- Matt Fortuna, ESPN Staff Writer
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The last fullback of Notre Dame spent his final Saturday night surrounded by a half-dozen or so friends and family members, two pizzas and a handful of Miller Lites in brother Andrew's house while Floyd Mayweather fought Robert Guerrero on the television screen.
Asaph Schwapp wanted more moments like this one. Just knowing that Mayweather would ultimately win the bout, he spent much of that May night discussing plans for the summer, telling the gathering how they all needed to get together more often for cookouts in the coming months.
This is the way it often went with "Ace," whether it was helping a third-grade classmate with simple multiplication problems, calling a junior high friend he had no relation to his "cousin," or -- as the buddy quickly discovered -- threatening to beat up said junior high friend if he dared tell anyone that they were anything other than cousins.
That was something that the last fullback of Notre Dame could have done with ease, what with a 6-foot, 257-pound frame during his playing days with the Fighting Irish. One of former coach Charlie Weis' first recruits, Ace "just looked like muscles on top of muscles," Weis said.
He was talking about the Ace he had first met, the 17-year-old prospect out of Weaver (Conn.) High.
"He came in as if weightlifting was something he had mastered," Weis said.
In the nine years since committing to Notre Dame, Ace became his state's player of the year, totaled 160 yards over four years with the Irish, signed with the Cowboys as an undrafted free agent, got cut, joined his hometown United Football League team, tore his ACL twice and worked for Merrill Lynch.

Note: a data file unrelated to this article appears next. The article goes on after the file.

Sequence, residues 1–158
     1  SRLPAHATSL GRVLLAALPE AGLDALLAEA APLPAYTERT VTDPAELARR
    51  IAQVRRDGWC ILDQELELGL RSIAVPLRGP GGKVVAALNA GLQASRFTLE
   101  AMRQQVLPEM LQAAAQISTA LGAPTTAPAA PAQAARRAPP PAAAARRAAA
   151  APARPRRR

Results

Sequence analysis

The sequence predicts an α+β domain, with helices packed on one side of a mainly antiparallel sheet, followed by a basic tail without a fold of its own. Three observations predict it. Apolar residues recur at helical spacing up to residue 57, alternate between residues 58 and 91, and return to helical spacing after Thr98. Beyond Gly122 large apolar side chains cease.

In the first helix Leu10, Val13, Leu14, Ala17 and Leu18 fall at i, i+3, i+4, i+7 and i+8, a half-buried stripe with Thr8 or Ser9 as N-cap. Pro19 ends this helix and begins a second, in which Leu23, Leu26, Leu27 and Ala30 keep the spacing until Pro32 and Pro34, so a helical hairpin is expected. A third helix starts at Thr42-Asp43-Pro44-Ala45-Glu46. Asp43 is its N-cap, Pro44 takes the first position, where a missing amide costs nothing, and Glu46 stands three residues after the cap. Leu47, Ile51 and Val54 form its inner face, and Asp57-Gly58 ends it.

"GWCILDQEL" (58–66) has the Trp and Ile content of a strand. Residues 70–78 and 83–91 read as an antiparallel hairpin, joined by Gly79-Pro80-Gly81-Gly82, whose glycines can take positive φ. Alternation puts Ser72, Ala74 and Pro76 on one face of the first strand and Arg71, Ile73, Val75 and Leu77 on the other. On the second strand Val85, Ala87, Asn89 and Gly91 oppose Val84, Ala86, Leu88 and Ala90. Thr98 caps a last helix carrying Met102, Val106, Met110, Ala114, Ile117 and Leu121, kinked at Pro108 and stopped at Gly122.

He was also diagnosed with non-Hodgkin's lymphoma, in March of 2012. Four months later he was still bench-pressing 400 pounds, while squatting 500. Two months after that he went in for what seemed like his final PET scan, after chemotherapy, only to get word that his body had not properly responded -- and that another, stronger round of chemo would be needed.
"It's obviously not what anyone wanted to hear, but all I can do is stay positive," Schwapp said at the time.
Ace did just that right until May 8, when he died at the age of 26. The last fullback of Notre Dame will be honored Saturday before the Irish open their season against Temple, when brothers Alvin and Andrew, along with their uncle, Clarke King, present the national colors on the Notre Dame Stadium field.
"That's the place where he made a name for himself and grew and became the young man we were all very much proud of," Alvin said. "So to be on the field that had such a tremendous impact on his life will be moving. It'll be an emotional moment."
Ace's mother, Evelyn, died of colon cancer when he was just 9. He moved in with Evelyn's sister, Loretta, and her husband, Clarke, who raised him. When he was diagnosed last year, he moved in with oldest brother Alvin, his wife and his three daughters. He spent his final months living with Andrew, his other older brother.
"He really genuinely had the patience of a saint," Alvin said through a laugh, "because little things he'd do with my girls, whether it was being captured on video doing silly things or having his nails painted or whatever, he engulfed in all of that just for the love of it, to see the joy in them. So that's a fantastic uncle."
Uncle, brother, friend -- Ace wore many hats for those around him, touching everyone with his infectious charisma. He might have been most proud of his hometown of Hartford, so much so that Alvin joked that the only people who said they loved the city more than his youngest brother were politicians.